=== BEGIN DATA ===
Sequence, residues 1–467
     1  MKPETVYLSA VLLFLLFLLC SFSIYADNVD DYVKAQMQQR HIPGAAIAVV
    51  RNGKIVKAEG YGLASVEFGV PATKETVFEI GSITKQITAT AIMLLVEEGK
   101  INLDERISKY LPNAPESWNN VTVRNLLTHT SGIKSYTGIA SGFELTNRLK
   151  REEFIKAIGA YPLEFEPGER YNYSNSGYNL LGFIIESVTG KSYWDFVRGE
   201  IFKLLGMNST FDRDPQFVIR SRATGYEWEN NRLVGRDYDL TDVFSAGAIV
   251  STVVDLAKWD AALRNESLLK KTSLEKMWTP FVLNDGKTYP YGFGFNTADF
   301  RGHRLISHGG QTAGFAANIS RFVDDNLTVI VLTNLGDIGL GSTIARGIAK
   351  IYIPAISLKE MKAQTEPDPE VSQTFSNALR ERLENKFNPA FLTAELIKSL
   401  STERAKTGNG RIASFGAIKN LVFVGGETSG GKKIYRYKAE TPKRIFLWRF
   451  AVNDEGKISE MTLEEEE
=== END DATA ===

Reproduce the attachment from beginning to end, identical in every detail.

Sequence, residues 1–467
     1  MKPETVYLSA VLLFLLFLLC SFSIYADNVD DYVKAQMQQR HIPGAAIAVV
    51  RNGKIVKAEG YGLASVEFGV PATKETVFEI GSITKQITAT AIMLLVEEGK
   101  INLDERISKY LPNAPESWNN VTVRNLLTHT SGIKSYTGIA SGFELTNRLK
   151  REEFIKAIGA YPLEFEPGER YNYSNSGYNL LGFIIESVTG KSYWDFVRGE
   201  IFKLLGMNST FDRDPQFVIR SRATGYEWEN NRLVGRDYDL TDVFSAGAIV
   251  STVVDLAKWD AALRNESLLK KTSLEKMWTP FVLNDGKTYP YGFGFNTADF
   301  RGHRLISHGG QTAGFAANIS RFVDDNLTVI VLTNLGDIGL GSTIARGIAK
   351  IYIPAISLKE MKAQTEPDPE VSQTFSNALR ERLENKFNPA FLTAELIKSL
   401  STERAKTGNG RIASFGAIKN LVFVGGETSG GKKIYRYKAE TPKRIFLWRF
   451  AVNDEGKISE MTLEEEE